Cloudera didn’t tell its customers the whole story. To achieve value, the customer would need to hire competent people, train them, and continue to help them. The customer’s management team would actually have to change and fix how they managed their data teams. In Silicon Valley this level of hand-holding doesn’t scale. Silicon Valley wants subscription businesses that are software-only, have high stickiness, and don’t require any consulting.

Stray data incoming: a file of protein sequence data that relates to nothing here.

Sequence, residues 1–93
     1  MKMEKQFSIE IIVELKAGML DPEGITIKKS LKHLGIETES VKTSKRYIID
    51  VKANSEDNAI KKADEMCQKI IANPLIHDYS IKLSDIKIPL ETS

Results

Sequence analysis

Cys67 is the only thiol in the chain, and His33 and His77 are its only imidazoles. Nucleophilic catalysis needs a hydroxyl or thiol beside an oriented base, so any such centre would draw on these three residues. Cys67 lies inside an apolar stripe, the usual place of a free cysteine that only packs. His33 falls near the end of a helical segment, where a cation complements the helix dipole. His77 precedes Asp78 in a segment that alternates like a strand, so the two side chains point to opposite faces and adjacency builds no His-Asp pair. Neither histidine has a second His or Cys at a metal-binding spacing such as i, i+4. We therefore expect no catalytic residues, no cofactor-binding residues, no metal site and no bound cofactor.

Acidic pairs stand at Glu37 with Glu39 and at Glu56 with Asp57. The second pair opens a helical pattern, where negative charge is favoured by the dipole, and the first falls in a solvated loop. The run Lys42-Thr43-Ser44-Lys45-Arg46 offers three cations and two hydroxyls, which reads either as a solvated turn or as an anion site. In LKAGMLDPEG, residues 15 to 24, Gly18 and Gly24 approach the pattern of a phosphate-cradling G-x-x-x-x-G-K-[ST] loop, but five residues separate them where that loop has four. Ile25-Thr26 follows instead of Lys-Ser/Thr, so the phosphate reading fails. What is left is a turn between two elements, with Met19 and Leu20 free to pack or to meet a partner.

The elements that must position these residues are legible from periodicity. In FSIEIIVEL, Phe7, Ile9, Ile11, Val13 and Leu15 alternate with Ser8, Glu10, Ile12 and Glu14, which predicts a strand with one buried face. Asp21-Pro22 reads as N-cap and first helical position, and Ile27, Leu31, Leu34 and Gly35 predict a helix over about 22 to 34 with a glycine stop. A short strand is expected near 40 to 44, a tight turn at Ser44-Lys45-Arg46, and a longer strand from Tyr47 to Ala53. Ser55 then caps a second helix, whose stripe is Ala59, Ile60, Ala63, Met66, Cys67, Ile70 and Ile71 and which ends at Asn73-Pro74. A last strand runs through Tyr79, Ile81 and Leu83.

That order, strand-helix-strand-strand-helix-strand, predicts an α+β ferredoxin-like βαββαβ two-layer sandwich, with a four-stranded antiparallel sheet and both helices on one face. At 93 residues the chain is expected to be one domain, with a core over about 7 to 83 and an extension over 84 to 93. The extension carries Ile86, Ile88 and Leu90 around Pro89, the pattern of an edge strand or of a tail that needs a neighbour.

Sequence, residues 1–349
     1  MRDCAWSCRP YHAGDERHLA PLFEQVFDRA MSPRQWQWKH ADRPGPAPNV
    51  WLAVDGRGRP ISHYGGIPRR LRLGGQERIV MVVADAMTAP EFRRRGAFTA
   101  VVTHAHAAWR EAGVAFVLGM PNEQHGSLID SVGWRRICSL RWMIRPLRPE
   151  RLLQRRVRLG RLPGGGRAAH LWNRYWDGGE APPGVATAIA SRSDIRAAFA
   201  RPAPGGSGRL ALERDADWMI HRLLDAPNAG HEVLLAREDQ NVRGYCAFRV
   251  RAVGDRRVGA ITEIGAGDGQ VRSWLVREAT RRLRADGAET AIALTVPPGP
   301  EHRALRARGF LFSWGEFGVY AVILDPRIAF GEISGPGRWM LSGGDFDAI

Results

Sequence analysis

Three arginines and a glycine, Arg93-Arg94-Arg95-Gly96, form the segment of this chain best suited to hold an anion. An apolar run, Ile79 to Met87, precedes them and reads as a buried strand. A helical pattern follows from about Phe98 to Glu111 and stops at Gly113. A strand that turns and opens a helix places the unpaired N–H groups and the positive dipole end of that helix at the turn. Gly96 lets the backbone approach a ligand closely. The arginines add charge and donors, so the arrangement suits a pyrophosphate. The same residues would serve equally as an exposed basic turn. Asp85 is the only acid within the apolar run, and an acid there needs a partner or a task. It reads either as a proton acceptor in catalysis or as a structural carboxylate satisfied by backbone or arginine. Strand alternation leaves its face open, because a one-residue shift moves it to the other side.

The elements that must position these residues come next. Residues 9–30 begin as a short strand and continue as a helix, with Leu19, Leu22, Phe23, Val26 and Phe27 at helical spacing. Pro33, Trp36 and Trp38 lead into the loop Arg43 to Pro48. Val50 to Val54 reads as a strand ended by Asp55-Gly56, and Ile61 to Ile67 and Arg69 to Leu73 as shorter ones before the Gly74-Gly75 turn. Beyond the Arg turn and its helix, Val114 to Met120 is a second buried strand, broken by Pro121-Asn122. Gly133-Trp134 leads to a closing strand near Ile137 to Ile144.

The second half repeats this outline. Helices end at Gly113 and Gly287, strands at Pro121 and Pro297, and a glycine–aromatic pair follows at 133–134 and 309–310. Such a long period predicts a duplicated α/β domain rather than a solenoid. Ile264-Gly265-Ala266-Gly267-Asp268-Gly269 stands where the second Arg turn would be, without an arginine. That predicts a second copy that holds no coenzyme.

Before the IPO, Cloudera started to push this way. It started to reduce and eliminate the consulting to focus on subscriptions. But that didn’t make its customers successful. Unsuccessful customers don’t blame themselves – they blame the technology vendor and choose a new one. Cloudera loses another customer to the cloud or another company promising how easy it is to work with their technology.